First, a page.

Do bad memories still haunt you? Well, two studies have found that the bad memories can be history in real terms as they can be replaced with the good ones, opening new ways for traumatic stress treatment.
Two research teams on Wednesday reported that the bad remembrance can be erased or rewired and replaced with the once-happy memory so that a painful and distressed recollection is physically linked to the joyous one in the brain
The researchers used lab rodents for both the studies. The basis of the studies was a phenomenon called reconsolidation which was discovered in the 1990s.
Reconsolidation means when a memory is recovered, its physical symptoms are so changeable in the brain that it can be altered.
“Recalling a memory is not like playing a tape recorder. It’s a creative process,” said Susumu Tonegawa, lead author of one of the studies who is from the Massachusetts Institute of Technology.
In the first part, the MIT team gave male mice were kept in isolation and given electric shock in order to create bad memories for the animals and in the second part they were kept with their female partners, making a happy memory.
The brains of the mice were engineered so that the neurons could be activated with light. This technique is known as optogenetics.
The scientists reactivated the regions of the memories using lasers. The region where memories encoded is called the hippocampus.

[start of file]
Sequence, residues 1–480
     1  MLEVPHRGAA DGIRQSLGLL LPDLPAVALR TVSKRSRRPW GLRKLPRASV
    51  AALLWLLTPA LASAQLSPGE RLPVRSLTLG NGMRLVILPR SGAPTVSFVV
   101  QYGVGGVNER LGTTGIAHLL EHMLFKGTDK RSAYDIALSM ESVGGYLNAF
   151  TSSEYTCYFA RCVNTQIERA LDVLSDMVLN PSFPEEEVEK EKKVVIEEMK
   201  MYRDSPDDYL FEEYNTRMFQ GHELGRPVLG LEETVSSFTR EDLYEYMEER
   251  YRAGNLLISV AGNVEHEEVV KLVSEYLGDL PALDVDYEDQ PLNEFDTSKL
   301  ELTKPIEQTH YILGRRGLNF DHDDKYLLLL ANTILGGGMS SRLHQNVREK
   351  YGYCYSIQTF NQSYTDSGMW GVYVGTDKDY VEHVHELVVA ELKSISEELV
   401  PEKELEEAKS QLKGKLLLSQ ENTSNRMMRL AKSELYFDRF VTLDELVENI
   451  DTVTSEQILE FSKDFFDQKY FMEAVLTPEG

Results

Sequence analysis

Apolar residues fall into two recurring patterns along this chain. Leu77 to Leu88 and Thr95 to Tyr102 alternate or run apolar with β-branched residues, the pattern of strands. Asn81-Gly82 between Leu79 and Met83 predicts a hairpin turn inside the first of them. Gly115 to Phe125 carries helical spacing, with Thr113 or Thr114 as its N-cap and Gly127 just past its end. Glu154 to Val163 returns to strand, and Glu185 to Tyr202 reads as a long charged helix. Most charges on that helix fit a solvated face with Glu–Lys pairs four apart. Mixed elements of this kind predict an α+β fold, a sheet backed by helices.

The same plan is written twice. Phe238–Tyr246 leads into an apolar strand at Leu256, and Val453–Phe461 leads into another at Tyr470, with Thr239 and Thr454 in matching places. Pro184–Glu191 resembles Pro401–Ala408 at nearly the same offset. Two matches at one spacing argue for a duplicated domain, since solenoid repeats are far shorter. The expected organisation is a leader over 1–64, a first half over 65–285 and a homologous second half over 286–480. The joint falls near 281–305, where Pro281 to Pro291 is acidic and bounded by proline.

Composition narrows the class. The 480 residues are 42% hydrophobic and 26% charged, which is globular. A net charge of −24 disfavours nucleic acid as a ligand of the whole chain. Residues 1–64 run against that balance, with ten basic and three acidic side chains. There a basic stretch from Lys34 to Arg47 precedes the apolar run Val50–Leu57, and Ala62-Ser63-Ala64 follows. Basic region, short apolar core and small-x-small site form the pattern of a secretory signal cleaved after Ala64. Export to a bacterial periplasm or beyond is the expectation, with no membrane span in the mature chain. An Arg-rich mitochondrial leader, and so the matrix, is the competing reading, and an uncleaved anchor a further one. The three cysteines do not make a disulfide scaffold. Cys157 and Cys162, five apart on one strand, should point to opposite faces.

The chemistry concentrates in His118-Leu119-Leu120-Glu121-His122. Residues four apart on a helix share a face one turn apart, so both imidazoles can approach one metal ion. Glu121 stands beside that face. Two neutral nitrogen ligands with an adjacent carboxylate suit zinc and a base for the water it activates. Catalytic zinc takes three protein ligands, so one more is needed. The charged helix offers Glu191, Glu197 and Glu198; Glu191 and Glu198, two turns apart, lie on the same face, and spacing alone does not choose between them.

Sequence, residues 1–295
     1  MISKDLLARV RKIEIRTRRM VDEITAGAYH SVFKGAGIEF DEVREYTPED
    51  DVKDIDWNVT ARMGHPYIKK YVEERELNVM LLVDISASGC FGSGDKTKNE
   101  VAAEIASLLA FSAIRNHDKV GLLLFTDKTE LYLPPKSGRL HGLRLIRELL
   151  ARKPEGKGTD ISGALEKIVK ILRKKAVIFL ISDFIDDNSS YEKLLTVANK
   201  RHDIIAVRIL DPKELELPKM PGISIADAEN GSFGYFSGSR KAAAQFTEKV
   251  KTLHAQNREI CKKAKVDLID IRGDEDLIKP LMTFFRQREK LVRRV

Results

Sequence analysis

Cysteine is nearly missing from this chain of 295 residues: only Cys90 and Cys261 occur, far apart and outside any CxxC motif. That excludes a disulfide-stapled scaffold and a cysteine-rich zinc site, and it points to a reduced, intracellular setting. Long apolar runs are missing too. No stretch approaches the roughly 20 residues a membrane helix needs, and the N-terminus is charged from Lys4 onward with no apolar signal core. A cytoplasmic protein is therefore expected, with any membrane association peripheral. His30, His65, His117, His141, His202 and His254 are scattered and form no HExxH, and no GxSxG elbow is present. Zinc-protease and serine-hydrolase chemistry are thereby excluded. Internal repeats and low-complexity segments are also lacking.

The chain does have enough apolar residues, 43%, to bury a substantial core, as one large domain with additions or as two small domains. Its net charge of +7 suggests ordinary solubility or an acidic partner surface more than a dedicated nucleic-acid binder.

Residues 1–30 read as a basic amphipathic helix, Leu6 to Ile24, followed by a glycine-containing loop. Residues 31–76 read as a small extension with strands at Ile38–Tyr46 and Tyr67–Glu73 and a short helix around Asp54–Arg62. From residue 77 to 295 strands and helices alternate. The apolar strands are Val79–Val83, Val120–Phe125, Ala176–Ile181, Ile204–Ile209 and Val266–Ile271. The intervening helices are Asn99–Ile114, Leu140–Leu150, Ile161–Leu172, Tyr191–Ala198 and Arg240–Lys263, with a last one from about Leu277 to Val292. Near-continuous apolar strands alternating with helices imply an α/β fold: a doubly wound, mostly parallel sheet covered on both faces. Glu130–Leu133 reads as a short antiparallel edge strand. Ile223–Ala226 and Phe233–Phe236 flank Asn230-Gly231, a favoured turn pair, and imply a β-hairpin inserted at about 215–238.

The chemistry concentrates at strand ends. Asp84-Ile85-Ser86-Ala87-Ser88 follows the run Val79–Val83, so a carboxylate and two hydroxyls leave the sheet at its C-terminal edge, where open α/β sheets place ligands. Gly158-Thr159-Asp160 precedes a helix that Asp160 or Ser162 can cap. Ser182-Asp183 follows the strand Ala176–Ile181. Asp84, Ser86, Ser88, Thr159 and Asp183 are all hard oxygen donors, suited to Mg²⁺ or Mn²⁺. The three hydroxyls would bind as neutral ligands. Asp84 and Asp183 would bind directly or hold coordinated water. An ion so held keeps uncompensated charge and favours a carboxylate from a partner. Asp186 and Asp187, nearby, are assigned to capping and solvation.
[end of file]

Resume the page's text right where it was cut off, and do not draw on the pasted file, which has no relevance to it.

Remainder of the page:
When socializing memory was active, they got a shock, and when they were given shock memory the mice got active and started playing with females.
The shock memory became physically linked to brain neurons encoding pleasure, while the socializing one is connected to neurons encoding fear.
This change of brain wiring and its finding were reported in the journal Nature.
In another study, the researchers at the McLean Hospital in Boston exploited the flexibility of reactivated memories to omit them completely.
The rats were trained about lights: a flash of light leads a shock. The lights were turned on and the memory was reactivated. Animals were then immediately given an anesthetic called xenon gas that blocked molecules involved in formation of the memory. And the trained rats that were not given xenon remembered everything.
The second study was reported in the journal PLOS One: The rats forgot that light precedes a shock.